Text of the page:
TOKYO, July 24- Japan's economic recovery appears more fragile after a recent tax increase but the central bank looks less likely to ease policy, a Reuters poll showed, underscoring the uncertainty surrounding the world's third-biggest economy.» Read More
An unfortunate turn in Swiss-Libyan diplomatic relations in 2008 may now have a silver lining for the Alpine economy.
The second leg of the US housing downturn will continue throughout the year and could be nasty if a vicious circle of falling prices and rising foreclosures continues, according to Capital Economics.
Following in the footsteps of Greece and Ireland, the Portuguese market looks set for a speculative attack, Silvio Peruzzo, European economist at RBS in London, told CNBC.
If previous EU responses to the euro crisis are any guide, investors should not be expecting a highly-coordinated, shock-and-awe approach like those we have seen from the US authorities.
The uprisings in the Middle East have been in part blamed on soaring food prices but one market watcher told CNBC those states with huge oil wealth should be better able to keep their people appeased by subsidizing food prices and other incentives.
The risk-on trade that has driven equities and commodity prices since the Federal Reserve started talking about the second round of quantitative easing last year is under threat from inflation, one analyst warned Monday.
In the five-star Westin Hotel in Paris Friday, the world's top central bankers met to discuss the risks facing the global economy in 2011.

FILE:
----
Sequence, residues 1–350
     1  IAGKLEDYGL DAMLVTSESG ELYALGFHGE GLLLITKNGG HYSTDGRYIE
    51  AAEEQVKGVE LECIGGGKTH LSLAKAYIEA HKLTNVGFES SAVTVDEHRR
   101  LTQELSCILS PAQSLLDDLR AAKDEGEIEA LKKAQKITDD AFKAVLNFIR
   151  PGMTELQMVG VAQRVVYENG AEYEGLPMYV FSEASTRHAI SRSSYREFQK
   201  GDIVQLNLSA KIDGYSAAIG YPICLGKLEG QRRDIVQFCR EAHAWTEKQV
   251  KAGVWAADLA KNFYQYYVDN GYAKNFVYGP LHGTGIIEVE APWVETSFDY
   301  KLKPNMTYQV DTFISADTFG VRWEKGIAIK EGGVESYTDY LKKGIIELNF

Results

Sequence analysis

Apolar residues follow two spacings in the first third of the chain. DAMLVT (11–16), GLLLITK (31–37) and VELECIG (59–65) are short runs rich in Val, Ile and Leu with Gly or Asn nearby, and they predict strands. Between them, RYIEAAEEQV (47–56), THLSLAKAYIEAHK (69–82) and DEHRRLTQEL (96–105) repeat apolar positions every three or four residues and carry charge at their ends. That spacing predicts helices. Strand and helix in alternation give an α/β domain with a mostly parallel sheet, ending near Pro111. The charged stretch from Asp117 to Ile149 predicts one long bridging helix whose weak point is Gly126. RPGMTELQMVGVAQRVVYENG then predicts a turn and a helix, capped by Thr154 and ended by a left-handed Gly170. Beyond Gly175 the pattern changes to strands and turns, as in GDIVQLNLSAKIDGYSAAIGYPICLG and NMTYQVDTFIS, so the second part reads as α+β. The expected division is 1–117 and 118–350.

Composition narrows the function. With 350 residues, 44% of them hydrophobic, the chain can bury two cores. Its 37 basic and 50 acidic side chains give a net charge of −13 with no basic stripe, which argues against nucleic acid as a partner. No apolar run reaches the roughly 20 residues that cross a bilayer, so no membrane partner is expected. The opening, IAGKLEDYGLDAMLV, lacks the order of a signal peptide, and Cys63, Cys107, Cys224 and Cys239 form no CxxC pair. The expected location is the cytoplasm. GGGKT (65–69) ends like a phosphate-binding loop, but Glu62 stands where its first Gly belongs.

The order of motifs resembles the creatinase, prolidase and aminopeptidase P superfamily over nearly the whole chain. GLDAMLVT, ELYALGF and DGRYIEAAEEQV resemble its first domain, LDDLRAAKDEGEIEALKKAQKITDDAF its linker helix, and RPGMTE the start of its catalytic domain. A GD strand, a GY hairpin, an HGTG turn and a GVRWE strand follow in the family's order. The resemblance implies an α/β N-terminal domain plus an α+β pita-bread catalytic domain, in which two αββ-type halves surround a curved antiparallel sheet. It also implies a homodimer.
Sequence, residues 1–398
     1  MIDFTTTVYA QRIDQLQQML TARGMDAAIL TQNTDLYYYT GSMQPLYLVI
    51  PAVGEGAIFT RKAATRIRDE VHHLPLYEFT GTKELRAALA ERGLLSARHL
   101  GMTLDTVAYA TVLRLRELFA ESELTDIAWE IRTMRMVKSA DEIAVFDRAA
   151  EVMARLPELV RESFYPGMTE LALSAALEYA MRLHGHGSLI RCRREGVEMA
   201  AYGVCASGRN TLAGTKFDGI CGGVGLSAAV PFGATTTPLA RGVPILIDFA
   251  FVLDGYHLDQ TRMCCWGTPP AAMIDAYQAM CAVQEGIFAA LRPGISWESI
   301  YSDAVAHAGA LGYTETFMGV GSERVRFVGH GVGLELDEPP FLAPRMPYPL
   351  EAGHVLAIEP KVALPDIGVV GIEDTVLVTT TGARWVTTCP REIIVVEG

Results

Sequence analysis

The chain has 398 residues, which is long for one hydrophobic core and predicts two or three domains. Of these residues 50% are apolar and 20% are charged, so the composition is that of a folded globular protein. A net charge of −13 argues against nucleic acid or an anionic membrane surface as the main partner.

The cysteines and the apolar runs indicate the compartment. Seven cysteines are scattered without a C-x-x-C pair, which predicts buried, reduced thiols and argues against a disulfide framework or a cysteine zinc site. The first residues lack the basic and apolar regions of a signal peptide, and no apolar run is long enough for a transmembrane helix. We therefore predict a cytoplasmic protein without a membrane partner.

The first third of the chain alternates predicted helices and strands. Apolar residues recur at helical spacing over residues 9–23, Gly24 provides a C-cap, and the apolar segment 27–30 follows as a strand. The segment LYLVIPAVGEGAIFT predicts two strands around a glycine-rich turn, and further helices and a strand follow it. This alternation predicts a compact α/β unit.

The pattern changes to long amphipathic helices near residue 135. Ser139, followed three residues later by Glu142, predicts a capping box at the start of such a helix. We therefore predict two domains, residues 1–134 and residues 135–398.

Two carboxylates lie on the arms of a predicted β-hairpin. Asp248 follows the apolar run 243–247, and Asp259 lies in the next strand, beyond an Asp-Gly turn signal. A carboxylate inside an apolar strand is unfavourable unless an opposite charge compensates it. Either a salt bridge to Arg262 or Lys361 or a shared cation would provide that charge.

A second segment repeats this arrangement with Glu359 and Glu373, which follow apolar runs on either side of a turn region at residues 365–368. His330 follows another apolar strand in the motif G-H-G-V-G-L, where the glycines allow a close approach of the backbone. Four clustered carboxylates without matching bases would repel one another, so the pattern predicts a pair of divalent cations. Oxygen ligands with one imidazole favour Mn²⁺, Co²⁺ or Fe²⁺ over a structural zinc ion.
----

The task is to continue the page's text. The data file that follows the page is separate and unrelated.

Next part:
Discussing zero interest rate policy as an inescapable trap, and the reasons why Europe is currently caught in the throes of a true credit crisis, with Kyle Bass, Hayman Capital Partners managing partner.
The stocks and sectors that perform best when inflation hits anywhere in the world, with Thomas Lee, JPMorgan chief U.S. equity strategist.
A central banker need not be loved, but at the least he should command respect — and in Britain these days Mervyn King cannot count on either, reports the New York Times.
Investors facing a global economy that is moving back and forth between "risk on" and "risk off" should look to emerging markets and commodities, Nouriel Roubini, chairman of Roubini Global Economics, told CNBC Thursday.
More social and political turmoil is likely in the future so commodities prices will continue rising, renowned investor Jim Rogers, CEO of Rogers Holdings, told CNBC.
Global inflation is far higher than official statistics reveal, Marc Faber, editor and publisher of the “Gloom, Boom and Doom” report told CNBC on Wednesday, with increases in the cost of living amounting to between five and eight percent in the United States and just below that in Europe.
Did the financial crisis change very much? That was the FT's Martin Wolf's question as he went to the annual meeting of the World Economic Forum in Davos last week. The answer is: yes. Above all, it has accelerated the arrival of our future.
The Spanish government is ready to implement further austerity measures to defend this year's budget deficit target and is confident that demand for Spanish bonds will stay strong, Jose Manuel Campa, Secretary of State for the Economy, told CNBC.
Risks that the troubles in Egypt may spread have increased and the uprisings have a negative effect on growth, as well as contributing to higher prices, economist Nouriel Roubini said.
Irish Finance Minister Brian Lenihan will press ahead with a plan to impose a 90 percent charge on bankers' bonuses when the budget bill is published on Friday, newspaper the Irish Independent reported.
World Bank President Robert Zoellick said Monday he hopes the global economy will have a sustainable recovery in 2011, but added he sees a number of dangers that could see his hopes dashed.
Swiss policymakers will hold an emergency meeting with key business groups, labor unions and representatives from the machinery, tourism and pharmaceutical sectors to discuss the Swiss franc's damaging impact on the Alpine country's economy Friday.
A lack of action on the US fiscal position could lead to a "buyers strike," according to Bob Parker, a special advisor to Credit Suisse.